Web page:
Mechanical Skull and Yacht Club also recognize the importance of modernizing an old-school formula and recognizing the areas in which gaming has evolved. It doesn't pull that off as well with Cyber Shadow for reasons I'll get into in a moment. As for what works, Cyber Shadow offers players a series of checkpoints to help cut down frustration. And, yes, Cyber Shadow can be a very frustrating game. It will make you throw your controller in anger more than once. If anything, the worst feature about the checkpoints is that there aren't enough of them. However, once you find the checkpoints, you can use in-game currency scattered from fallen enemies to add functions to those checkpoints, including health recovery, SP recovery, and power-ups. These power-ups are often worth the investment. For example, they can upgrade Shadow's sword, give him a cannon, a charge blade, or a dispenser than can slowly recover SP over time. This is especially helpful before taking on a boss.

Yes, Cyber Shadow does feel an awful lot like the old-school 8-bit Ninja Gaiden games. That also means the difficulty is off the charts and you'll be dying a lot. Many of your deaths will come in cheap ways. Enemy hits will knock you backwards and can sometimes send you straight into a death pit. Since Shadow's blade only strikes forward, more often than not, enemies will either hit you from above or below, completely out of the range of your weapon.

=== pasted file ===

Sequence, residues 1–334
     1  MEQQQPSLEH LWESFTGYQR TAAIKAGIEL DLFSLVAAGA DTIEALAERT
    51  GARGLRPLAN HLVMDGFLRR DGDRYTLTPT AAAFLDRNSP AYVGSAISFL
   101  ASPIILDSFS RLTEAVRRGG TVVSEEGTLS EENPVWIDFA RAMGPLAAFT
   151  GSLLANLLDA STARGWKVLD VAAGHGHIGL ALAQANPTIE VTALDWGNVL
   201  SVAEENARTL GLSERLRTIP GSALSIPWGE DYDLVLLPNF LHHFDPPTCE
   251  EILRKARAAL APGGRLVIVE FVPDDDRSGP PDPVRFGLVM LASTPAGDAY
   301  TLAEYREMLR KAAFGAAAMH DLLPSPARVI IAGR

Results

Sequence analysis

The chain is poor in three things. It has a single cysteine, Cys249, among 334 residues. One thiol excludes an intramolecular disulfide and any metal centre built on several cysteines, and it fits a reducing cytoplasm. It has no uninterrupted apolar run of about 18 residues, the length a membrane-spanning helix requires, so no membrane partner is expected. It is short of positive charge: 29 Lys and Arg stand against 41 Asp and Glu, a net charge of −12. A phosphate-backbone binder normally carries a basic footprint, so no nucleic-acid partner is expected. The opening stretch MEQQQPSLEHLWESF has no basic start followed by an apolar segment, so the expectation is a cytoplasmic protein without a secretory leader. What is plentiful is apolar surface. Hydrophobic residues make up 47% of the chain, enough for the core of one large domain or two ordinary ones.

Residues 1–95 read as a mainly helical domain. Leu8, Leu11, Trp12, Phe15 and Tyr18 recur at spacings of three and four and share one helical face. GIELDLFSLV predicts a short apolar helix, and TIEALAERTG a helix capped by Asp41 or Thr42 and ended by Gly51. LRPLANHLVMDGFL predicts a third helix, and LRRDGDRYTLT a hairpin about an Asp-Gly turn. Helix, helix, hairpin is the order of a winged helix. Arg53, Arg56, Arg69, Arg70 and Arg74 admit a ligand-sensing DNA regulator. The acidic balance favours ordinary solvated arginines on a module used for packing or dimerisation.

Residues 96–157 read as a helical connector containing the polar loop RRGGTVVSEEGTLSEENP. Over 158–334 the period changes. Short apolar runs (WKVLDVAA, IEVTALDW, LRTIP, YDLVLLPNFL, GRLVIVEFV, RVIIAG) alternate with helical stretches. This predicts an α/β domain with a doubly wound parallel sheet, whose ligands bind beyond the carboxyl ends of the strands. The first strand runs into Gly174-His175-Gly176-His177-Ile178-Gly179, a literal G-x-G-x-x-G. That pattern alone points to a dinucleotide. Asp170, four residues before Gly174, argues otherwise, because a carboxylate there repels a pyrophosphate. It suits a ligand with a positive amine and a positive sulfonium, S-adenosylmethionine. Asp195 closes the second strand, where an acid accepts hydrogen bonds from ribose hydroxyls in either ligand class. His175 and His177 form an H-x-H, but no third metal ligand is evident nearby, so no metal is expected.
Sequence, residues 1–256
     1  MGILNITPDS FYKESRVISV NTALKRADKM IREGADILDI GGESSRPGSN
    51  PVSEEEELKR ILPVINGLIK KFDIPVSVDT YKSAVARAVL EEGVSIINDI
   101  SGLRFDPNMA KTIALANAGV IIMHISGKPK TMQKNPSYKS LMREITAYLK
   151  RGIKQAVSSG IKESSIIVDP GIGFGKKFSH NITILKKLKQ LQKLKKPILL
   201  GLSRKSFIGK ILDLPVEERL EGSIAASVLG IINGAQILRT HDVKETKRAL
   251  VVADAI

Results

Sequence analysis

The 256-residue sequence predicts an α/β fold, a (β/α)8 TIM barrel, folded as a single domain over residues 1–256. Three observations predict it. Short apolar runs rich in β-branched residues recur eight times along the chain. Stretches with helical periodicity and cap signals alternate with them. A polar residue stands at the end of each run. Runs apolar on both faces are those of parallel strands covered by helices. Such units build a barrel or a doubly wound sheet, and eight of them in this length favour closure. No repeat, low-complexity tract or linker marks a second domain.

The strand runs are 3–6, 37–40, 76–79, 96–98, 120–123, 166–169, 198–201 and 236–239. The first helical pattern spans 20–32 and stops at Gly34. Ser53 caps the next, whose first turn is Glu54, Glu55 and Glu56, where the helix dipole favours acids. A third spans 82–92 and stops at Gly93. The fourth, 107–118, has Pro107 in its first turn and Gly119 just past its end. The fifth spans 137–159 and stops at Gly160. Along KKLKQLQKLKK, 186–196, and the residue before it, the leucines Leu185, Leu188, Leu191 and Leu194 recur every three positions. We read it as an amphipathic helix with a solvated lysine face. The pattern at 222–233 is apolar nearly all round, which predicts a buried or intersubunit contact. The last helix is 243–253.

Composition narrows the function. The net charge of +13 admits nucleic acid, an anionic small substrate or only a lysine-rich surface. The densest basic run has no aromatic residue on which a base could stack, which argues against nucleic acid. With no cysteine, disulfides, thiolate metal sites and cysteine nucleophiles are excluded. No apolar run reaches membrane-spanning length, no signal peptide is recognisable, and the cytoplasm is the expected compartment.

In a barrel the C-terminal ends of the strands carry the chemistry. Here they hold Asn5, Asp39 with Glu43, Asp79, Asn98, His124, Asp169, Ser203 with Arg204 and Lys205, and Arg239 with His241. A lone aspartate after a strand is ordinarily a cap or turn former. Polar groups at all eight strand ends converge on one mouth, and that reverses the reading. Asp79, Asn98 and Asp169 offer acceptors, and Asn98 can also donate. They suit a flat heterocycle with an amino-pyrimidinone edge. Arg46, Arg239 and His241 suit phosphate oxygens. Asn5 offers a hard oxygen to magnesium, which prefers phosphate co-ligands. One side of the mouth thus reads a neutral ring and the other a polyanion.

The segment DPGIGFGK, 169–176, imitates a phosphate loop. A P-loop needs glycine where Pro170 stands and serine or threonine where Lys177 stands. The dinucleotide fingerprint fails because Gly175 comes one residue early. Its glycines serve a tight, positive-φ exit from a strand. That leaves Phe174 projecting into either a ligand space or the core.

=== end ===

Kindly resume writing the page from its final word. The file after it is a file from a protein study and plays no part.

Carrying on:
The enemies get even more brutal around the halfway point, as they can dodge your sword and your abilities entirely. To offer some context, over the course of the game, Shadow will earn various abilities that use up SP. They include shurikens and a diving stab. They'd be great for dispatching enemies, but the enemies often see these attacks coming and dodge them. Taking cheap hits is fine when there's a checkpoint around the corner or you can recover health, but that's not always on the table. There are no health drops from enemies (they can only be found in destructible parts of the level) and checkpoints are not plentiful.

Bosses are similarly difficult and there are many things I would call them. However, cheap isn't one of them. These bosses are all intensely challenging, but all have recognizable patterns that can be read and ultimately mastered. For example, just looking at the giant Mekadragon boss, who fights Shadow over a body of water, there doesn't seem to be much rhyme or reason to his movements. But there is a pattern to him and, as tough as it is to navigate the floating platforms, the giant mech can be beaten. Defeating these bosses takes a lot of work, but once they go down, it feels immensely satisfying.